The birds, which were once abundant in the UK, are now hurtling towards extinction as their numbers have halved in five years.
Photo source: RSPB
There are barely 1,000 breeding pairs left in the UK, a 98 per cent decline since 1970, making it Britain's most endangered bird.
The decline of the turtle dove is largely due to agricultural changes including the loss of mixed farming, high production focused arable and livestock management, increased effectiveness of herbicides and weed removal from crops.
These have all led to huge reductions in annual plants (usually called ‘weeds’) on our farmland – the seeds of which were turtle doves main food during the summer.
Farmers who set up reserves to help at risk turtle doves should be given government subsidies, the RSPB has said.
One farm, backed by the RSPB, has set up a reserve specifically for the embattled bird, and it is thought to be the biggest dedicated farmland space for turtle doves in the country.
The arable farm in Cambridgeshire is run by the G's Fresh growers association, and farmers have planted turtle dove friendly seeds and given them space to roost.
Over the last two years, the farmers have dedicated over 10 hectares of land – roughly 10 football pitches – to helping turtle doves by providing the food, water and nesting habitat they need.
While they had not had any turtle dove pairs land in years, since they planted seeds and strew bird feed in the land dedicated for the birds, some have made the habitat their home.
Stewart McIntyre, estate sporting and conservation manager at G’s said: “Over the last two years we have dedicated over 10ha of land solely for the turtle dove, this includes fields drilled with a specifically designed mix ...the fields are carefully managed to allow access to feed."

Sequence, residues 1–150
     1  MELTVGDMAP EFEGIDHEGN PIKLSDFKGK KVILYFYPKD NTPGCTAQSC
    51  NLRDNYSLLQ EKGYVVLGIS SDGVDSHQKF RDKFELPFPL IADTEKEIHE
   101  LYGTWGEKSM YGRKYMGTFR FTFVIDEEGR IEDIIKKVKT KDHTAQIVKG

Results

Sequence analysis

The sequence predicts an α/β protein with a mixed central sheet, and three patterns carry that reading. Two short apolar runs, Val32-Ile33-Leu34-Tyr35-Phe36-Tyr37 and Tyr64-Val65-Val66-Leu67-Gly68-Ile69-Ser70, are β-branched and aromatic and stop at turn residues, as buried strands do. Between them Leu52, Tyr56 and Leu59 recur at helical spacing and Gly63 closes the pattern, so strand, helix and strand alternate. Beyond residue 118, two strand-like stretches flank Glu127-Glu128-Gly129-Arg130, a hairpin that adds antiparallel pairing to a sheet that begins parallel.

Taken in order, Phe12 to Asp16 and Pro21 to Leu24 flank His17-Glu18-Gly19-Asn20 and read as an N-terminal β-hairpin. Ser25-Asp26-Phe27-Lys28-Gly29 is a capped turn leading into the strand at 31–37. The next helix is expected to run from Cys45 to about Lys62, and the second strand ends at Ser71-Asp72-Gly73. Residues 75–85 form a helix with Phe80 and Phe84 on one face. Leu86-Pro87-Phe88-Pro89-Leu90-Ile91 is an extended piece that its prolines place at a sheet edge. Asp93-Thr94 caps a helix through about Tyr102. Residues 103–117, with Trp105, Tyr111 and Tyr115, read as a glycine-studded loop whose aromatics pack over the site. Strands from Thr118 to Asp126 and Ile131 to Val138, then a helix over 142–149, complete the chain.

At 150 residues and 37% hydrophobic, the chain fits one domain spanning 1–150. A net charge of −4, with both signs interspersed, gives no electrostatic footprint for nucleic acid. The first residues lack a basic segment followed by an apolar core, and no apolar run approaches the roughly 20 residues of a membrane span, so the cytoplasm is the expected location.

The birds are carefully looked after with workers on the farm making sure they have clean drinking water.
Mr McIntyre added; "Within close proximity to feeding sites under the guidance of the RSPB and Natural England we have created access to drinking water, enabling the birds to digest their high seed content diet. Nesting habitat is vital so we ensure we adhere to correct hedgerow management and allow scrubby areas to grow within close proximity of food and water. We are providing the three key elements turtle doves require.
“In addition we put out supplementary feed which benefits a whole host of species as well as the turtle doves. Turtle doves hadn’t appeared in our bird surveys for the last four years, until 2018 when two separate pairs of turtle doves were heard purring, which is a great indicator our habitat creation is working. It is vital that we as custodians of the land allow a suite of farmland wildlife to cohabit alongside our operations, achievable through conservation efforts and focusing on target species such as the turtle dove.”
Guy Anderson, the RSPB’s migrant birds expert said this needs to be replicated across the country if the bird is to survive and called for the government to act.
He added: “In the UK we know that there is a real danger that without urgent action the turtle dove may be lost as a breeding species, and we could lose its distinctive summer purr from the countryside forever. Every year they fly here all the way from Africa to raise a family, and the best way we can help them is to ensure that once they arrive there is enough food and shelter available so they can feed themselves and their young.
"The RSPB is supporting different groups in different ways to create the habitats and food the species needs to keep the bird in the UK, and we are already seeing the effects of this in areas where groups are working with us.
“There are also things that the government of the UK can do, and any new legislation and policy for agriculture must support nature-friendly farming. We should ensure that our farmers and land managers are rewarded for the positive role they play in restoring and enhancing our natural environment, and encourage more to look at how they can help species such as the turtle dove.
“And looking globally, nature knows no boundaries, so it is important we are working with all of the countries along the turtle dove flyway to ensure these amazing birds are getting the protection they need.”
Source: The Telegraph